Presentation on theme: "The ± 1 second is called the absolute uncertainty Every measurement has an uncertainty or error. e.g. time = 5 seconds ± 1 second There are three main."— Presentation transcript:
The ± 1 second is called the absolute uncertainty Every measurement has an uncertainty or error. e.g. time = 5 seconds ± 1 second There are three main types of uncertainty. Random Uncertainties Systematic Errors Reading Uncertainties Uncertainties
Repeated measurements of the same quantity, gives a range of readings. The random uncertainty is found using: Taking more measurements will help eliminate (or reduce) random uncertainties. The mean is the best estimate of the true value. Random Uncertainties
give the mean to same number of significant figures as measurements (a) Example 1 Five measurements are taken to determine the length of a card. 209mm, 210mm, 209mm, 210mm, 200mm (a) Calculate the mean length of card. (b) Find the random uncertainty in the measurements. (c) Express mean length including the absolute uncertainty.
(b) (c) The “ ± 2mm ” is the absolute uncertainty.
Question Repeated measurements of speed give the following results: 9.87 ms -1, 9.80 ms -1, 9.81 ms -1, 9.85 ms -1 (a)Calculate the mean speed. (b)Find the random uncertainty. (c)Express mean speed including the absolute uncertainty. 9.83 ms -1 0.02 ms -1 9.83 ms -1 ± 0.02 ms -1
Systematic errors are due to: faults in the apparatus wrong experimental technique. Systematic Errors These errors, cause readings to be consistently higher or lower than the true value really is. Your results are systematically wrong.
Experimental Technique Consider the error you may make in a reading a scale as shown.
Should the gap be wide or narrow for best results? Measurement 2 is best. 1 and 3 give the wrong readings. This is called a parallax error. It is due to the gap here, between the pointer and the scale.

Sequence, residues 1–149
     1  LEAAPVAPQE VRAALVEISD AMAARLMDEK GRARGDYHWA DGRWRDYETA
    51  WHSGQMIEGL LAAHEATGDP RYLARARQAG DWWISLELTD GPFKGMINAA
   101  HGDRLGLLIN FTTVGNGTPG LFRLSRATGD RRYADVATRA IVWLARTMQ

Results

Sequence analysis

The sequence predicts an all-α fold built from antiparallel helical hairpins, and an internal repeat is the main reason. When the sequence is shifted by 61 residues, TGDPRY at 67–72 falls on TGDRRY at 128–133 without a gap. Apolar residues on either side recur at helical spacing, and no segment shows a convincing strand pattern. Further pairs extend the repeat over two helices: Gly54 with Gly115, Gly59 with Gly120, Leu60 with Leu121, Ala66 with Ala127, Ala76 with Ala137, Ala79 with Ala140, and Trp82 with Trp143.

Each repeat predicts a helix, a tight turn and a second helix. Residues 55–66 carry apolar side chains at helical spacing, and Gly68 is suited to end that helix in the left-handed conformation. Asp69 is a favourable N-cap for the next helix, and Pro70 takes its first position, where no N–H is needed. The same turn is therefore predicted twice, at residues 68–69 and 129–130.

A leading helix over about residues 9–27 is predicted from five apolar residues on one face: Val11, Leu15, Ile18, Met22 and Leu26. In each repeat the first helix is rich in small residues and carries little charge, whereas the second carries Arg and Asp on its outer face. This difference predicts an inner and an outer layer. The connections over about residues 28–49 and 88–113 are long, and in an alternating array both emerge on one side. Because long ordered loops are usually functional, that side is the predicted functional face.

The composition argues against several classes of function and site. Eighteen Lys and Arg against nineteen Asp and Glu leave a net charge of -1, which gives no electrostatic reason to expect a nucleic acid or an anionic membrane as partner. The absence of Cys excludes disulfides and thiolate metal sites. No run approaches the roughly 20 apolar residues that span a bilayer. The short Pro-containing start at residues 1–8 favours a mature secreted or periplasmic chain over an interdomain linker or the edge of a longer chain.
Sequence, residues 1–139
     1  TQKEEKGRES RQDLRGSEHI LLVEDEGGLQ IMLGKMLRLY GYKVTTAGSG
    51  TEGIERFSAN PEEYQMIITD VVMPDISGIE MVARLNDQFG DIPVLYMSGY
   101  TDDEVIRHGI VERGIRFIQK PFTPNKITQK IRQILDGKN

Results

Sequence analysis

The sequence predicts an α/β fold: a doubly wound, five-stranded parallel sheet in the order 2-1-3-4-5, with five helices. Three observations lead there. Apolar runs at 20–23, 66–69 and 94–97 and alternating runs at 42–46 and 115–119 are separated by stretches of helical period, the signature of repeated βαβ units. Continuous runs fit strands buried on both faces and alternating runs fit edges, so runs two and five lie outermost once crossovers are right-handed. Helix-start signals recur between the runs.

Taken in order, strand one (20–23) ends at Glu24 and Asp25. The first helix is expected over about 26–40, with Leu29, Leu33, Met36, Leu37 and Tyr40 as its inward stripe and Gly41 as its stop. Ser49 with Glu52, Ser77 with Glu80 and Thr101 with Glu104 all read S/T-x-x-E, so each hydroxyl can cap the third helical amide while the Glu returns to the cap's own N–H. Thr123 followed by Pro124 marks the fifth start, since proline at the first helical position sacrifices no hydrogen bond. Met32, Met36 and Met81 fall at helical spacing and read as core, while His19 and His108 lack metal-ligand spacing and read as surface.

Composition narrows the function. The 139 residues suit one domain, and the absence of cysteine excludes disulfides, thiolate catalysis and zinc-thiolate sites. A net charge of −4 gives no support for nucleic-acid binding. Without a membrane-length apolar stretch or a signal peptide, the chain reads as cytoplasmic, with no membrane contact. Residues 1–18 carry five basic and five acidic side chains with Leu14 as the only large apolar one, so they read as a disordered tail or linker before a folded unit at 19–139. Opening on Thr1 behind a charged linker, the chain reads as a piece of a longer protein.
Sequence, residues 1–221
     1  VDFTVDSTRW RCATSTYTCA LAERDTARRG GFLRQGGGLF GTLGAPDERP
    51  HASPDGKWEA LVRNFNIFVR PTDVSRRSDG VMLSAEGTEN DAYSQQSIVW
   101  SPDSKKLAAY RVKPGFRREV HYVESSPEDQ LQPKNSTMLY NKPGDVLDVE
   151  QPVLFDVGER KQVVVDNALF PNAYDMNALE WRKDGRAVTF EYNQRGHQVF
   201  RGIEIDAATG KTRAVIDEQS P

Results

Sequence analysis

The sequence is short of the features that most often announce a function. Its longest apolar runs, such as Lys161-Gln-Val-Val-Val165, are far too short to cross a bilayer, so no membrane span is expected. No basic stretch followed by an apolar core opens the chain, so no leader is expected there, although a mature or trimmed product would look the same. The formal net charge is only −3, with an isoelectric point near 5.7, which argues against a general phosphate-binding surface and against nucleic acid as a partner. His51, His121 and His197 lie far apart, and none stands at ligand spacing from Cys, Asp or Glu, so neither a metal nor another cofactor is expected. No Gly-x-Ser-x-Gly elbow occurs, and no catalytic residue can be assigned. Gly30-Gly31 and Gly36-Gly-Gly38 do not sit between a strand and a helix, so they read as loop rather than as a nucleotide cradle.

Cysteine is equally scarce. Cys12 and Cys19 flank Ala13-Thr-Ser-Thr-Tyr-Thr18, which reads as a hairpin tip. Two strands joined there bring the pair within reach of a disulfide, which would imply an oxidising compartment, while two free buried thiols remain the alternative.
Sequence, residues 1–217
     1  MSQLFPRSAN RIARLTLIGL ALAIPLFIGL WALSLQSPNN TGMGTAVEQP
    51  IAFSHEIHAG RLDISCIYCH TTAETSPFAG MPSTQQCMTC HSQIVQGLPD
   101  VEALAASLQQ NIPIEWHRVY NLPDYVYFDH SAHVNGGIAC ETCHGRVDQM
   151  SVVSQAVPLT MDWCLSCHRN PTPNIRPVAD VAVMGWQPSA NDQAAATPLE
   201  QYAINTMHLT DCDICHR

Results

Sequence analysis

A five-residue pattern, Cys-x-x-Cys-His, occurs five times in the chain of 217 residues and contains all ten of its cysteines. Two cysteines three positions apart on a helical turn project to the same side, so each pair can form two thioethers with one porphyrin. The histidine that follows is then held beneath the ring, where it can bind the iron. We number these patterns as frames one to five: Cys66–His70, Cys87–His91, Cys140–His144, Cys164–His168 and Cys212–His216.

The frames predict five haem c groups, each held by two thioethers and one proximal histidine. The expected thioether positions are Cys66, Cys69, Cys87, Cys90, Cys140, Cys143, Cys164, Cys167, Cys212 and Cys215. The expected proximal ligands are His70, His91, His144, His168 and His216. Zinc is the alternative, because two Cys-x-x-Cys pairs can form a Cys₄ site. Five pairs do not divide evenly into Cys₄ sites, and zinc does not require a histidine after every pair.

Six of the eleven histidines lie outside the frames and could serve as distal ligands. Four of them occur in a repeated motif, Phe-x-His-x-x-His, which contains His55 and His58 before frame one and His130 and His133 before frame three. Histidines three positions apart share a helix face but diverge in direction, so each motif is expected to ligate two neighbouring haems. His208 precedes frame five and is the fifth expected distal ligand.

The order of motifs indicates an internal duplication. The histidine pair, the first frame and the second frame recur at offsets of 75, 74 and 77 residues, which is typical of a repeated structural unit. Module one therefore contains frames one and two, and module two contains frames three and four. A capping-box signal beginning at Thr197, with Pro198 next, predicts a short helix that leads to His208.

Systematic Errors Consider if you make an error consistently on reading on a scale. Your results will always be higher than they should be.
Zero Errors A particular type of systematic error is the zero error. Apparatus that does not read zero even when it should. Over a period of time, the spring may weaken, and so the pointer does not point to zero. What affect does this have on ALL the readings?
Reading Uncertainties A reading uncertainty is how accurately an instruments scale can be read. Analogue Scales Where the divisions are fairly large, the uncertainty is taken as: half the smallest scale division
Where the divisions are small, the uncertainty is taken as: the smallest scale division
Digital Scale For a digital scale, the uncertainty is taken as: the smallest scale reading e.g. voltage = 29.7 mV ± 0.1 mV This means the actual reading could be anywhere from
For a digital meter the uncertainty is taken as the smallest scale reading. e.g. Voltage = 29.7 mV ± 1 mV (actual reading could be from 29.65 to 29.74)???
Percentage Uncertainty The percentage uncertainty is calculated as follows:
Example 1 Calculate the percentage uncertainty of the measurement: d = 8cm ± 0.5cm (d = 8cm ± 6.25%)
Question 1 Calculate the % uncertainty of the following: a) I = 5A ± 0.5A b) t = 20s ± 1s c) m = 1000g ± 1g d) E = 500J ± 25J e) F = 6N ± 0.5N 10 % 5 % 0.1 % 5 % 8.3 %
Combining Uncertainties Use the following data to calculate the speed, and the uncertainty in speed, of a moving object. Calculation of Speed